What I found when actually watching the movie was that it really made me miss the sturdy, family-oriented drama that contained a blend of trauma, romance and humor -- so much so that I toyed with giving it 4.5 stars on Letterboxd.

Cooler heads prevailed and I ended up with four stars, which doesn't do much to distinguish The Prince of Tides from many of the better-than-average films I watch on a weekly basis. But I know in my head that when the year finishes and I'm posting next year's wrap-up post, this has a good chance to be one of my ten best I saw in 2024 that weren't released in 2024.

Nick Nolte at the very top of his game gives this film a good head start. Known for being irascible, Nolte is often also unlikable. Here, though, he shows us a softer side that's still capable of occasional apoplexy (it wouldn't be Nolte without that), that overall keeps us interested in his every moment on screen.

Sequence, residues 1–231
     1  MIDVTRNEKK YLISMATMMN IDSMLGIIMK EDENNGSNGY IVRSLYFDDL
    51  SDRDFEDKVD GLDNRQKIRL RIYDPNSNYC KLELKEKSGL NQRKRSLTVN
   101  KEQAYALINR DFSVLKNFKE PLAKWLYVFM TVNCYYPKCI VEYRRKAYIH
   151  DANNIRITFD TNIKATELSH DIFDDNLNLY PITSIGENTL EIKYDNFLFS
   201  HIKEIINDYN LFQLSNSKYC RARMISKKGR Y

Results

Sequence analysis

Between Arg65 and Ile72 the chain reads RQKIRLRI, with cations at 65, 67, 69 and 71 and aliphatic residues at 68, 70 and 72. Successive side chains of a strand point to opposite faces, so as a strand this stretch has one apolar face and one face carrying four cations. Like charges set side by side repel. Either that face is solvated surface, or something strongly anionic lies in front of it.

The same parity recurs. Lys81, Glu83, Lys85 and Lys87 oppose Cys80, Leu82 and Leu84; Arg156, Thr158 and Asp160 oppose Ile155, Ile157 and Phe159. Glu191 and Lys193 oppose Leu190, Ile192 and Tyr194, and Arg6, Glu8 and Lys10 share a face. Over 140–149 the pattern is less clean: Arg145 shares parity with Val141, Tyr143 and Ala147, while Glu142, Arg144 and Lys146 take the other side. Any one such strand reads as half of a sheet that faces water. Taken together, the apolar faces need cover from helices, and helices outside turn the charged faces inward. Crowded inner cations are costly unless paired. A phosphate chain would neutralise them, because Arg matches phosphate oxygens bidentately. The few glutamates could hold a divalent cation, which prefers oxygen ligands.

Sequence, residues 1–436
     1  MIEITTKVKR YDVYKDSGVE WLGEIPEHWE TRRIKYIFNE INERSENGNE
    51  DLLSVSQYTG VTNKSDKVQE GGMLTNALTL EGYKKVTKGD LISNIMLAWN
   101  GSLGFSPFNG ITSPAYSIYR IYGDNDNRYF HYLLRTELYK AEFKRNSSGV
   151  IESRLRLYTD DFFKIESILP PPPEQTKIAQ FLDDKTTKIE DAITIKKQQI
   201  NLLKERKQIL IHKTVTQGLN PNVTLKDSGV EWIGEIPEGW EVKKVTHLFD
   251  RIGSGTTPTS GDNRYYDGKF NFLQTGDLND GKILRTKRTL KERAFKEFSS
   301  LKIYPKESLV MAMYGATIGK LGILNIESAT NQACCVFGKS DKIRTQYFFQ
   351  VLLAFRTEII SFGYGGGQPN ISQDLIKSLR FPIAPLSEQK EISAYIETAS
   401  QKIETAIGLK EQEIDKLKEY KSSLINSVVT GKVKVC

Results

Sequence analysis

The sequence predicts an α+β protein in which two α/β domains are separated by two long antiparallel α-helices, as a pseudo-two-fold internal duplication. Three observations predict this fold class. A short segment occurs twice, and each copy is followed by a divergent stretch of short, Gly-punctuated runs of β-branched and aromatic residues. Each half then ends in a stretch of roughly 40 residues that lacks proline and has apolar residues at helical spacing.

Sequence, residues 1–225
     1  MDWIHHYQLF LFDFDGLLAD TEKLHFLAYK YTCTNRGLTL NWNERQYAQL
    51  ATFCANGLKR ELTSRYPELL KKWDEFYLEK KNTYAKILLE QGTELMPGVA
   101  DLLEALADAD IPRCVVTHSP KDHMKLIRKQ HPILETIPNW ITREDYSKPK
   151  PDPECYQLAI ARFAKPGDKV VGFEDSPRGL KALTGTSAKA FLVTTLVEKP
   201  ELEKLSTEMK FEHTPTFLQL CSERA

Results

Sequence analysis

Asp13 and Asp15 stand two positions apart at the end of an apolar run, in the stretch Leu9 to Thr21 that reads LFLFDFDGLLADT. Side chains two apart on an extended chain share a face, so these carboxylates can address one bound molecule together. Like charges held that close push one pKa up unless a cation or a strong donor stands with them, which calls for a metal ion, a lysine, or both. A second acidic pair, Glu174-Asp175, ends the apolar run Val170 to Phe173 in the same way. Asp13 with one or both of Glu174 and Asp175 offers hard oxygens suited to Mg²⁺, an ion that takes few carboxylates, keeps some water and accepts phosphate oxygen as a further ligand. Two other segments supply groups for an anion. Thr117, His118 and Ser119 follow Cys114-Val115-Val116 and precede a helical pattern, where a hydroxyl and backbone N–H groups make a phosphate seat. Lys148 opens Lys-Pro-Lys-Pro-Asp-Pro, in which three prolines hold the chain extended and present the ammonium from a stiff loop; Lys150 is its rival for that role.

The same can be said of Streisand herself, not in terms of the irascibility or apoplexy, but in terms of always being extremely watchable. Streisand has always had an uncomfortable relationship with her own beauty or lack thereof; I think of that line of dialogue in The Mirror Has Two Faces (where Nick Nolte is played by Jeff Bridges) where she says "Why put on makeup? It's still me, only in color." Streisand is certainly not a traditional beauty, but maybe a little bit like Lady Gaga, she is just so interesting to watch. Her elegance in this movie approaches beauty, if we are continuing in this superficial realm that doesn't have anything to do with her performance or her direction.

I remember one of the discussion points around The Prince of Tides was Streisand's failure to get a nomination for best director, just the latest indication that the Academy, especially in 1991, was unwilling to recognize the contributions of women behind the camera. This failure could have been one of the key factors in Jane Campion getting nominated for The Piano two years later. The direction here is not exceptional in terms of camera tricks or outside-the-box choices, but the movie is a good reminder that a director also, perhaps primarily, is tasked with getting good performances from her cast. And the performances here are quite good.